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toad, name applied to certain members of the amphibian order Anura, which also includes the frog. Although there is no clear-cut distinction between toads and frogs, the name toad commonly refers to those species that have relatively short legs, stout bodies, and thick skins, and are less aquatic as adults than the long-legged, slender-bodied frogs.

Sometimes the term toad is restricted to the so-called true toads, members of the family Bufonidae. These are characterized by warty skins and prominent parotid glands behind the eyes and as a group are the most terrestrial of the order. In most the feet are only slightly webbed. They range in length from about 1 to 7 in. (2.5–18 cm). Most species belong to the genus Bufo; members of these species spend much of the time on land, generally near water. They generally live in cool, moist places and absorb moisture through the skin. The white fluid that they exude through the skin, as well as from the parotid glands, is very poisonous and causes intense burning if it comes in contact with the eyes or mouth; however, contrary to an old belief, it does not cause warts. Toads, like frogs, move on land by jumping and feed on insects and grubs. Also like frogs, they usually lay their eggs in water in strands of jelly. Fertilization is external. The egg hatches into a tadpole, a gilled, aquatic, larval toad that undergoes metamorphosis into the adult.

There are about a dozen Bufo species in the United States, among them the common American toad (Bufo americanus), Fowlers toad (B. fowleri), of the E United States, and the red-spotted toad (B. punctatus), of the Southwest. The cane, marine, or giant toad (B. marinus), a large toad native to Central and N South America, was widely introduced in warm regions (Caribbean, Pacific, Australia, and Florida) to control agricultural pests but is now regarded as an invasive species; they compete with and prey on native species, and their toxic secretions can kill predators.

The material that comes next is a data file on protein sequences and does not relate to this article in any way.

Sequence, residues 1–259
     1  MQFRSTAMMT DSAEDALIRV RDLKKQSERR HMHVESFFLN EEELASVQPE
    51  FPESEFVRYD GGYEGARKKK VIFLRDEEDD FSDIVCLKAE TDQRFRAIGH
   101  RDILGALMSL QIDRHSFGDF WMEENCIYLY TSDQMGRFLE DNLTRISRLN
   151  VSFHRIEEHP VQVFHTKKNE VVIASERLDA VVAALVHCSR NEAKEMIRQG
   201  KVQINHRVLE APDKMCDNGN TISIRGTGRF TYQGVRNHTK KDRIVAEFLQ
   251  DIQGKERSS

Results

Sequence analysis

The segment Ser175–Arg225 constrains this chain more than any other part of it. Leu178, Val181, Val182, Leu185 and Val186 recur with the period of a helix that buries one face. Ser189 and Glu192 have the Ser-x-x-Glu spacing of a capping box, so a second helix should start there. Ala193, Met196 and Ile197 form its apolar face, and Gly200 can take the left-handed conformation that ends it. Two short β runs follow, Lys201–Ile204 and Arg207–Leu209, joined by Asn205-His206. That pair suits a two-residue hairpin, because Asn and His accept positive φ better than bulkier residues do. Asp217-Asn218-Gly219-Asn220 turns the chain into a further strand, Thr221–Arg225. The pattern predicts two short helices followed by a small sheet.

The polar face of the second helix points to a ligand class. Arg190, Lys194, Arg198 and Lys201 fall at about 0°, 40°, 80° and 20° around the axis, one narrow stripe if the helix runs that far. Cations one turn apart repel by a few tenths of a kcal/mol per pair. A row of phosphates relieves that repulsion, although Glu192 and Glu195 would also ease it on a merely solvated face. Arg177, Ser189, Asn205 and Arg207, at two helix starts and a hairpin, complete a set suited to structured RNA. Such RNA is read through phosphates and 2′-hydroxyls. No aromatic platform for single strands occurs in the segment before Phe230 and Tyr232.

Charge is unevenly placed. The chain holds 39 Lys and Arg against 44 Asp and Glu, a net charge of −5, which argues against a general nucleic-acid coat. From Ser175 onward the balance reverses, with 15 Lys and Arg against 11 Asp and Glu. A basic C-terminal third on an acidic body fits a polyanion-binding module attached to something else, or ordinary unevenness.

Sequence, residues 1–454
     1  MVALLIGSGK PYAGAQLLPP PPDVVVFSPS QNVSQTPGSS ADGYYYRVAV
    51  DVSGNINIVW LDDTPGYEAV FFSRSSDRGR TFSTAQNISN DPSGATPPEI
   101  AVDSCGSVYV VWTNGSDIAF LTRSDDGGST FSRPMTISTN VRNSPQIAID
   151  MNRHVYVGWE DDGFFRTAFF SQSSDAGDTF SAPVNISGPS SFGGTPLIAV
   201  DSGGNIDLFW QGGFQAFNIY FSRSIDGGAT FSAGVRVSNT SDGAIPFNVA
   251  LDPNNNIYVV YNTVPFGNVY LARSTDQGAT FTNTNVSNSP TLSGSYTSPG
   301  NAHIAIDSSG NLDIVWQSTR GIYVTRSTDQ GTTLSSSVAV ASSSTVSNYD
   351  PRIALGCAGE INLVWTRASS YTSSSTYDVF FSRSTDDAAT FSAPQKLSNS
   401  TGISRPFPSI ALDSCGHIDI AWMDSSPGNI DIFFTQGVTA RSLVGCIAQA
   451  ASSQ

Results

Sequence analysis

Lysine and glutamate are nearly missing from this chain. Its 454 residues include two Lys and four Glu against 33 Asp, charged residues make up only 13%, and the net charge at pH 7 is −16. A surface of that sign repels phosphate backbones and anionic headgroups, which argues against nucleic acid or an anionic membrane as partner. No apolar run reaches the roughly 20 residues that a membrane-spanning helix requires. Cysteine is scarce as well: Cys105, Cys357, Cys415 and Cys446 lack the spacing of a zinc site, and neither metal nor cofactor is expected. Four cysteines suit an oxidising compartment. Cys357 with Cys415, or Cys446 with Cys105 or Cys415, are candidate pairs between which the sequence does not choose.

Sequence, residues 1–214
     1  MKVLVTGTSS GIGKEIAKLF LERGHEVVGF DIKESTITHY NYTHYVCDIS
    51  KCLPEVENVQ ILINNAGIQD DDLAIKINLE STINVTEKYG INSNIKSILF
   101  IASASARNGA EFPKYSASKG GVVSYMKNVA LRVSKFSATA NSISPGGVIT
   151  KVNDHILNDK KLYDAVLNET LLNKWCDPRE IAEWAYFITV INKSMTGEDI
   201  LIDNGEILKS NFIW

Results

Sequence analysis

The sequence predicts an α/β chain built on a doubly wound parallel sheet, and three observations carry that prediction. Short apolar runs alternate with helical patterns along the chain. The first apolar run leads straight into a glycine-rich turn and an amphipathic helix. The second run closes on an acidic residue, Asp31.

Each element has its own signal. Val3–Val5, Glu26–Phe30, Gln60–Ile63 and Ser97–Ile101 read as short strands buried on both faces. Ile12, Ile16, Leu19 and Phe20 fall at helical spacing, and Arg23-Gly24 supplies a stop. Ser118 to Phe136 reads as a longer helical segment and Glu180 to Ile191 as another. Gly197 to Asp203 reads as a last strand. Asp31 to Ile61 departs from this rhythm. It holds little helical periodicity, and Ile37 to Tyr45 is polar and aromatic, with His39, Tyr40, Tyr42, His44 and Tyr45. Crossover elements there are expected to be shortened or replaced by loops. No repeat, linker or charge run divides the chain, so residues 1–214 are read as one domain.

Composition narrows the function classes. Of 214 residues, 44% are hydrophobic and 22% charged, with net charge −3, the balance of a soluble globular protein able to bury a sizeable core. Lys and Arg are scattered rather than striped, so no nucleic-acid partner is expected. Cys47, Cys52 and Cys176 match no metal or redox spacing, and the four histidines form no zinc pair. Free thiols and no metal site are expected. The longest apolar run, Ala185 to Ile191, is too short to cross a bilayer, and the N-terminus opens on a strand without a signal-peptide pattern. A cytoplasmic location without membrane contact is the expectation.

The spadefoot toads, burrowing toads of the family Pelobatidae, are represented in the United States by several species of the genus Scaphiopus. Toads are classified in the phylum Chordata, subphylum Vertebrata, class Amphibia, order Anura.

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(religion, spiritualism, and occult)

Many a Witch of old was accused of having a "familiar"—an imp of the devil—to do her bidding, and this was frequently described by her accusers as being in the shape of a toad. One reason behind this thought was that most Wise Ones would indeed keep a toad in their garden to take care of the insects that attacked the flowers and plants. Many of the aromatic plants and herbs attracted all forms of insect life. A toad was therefore a common possession.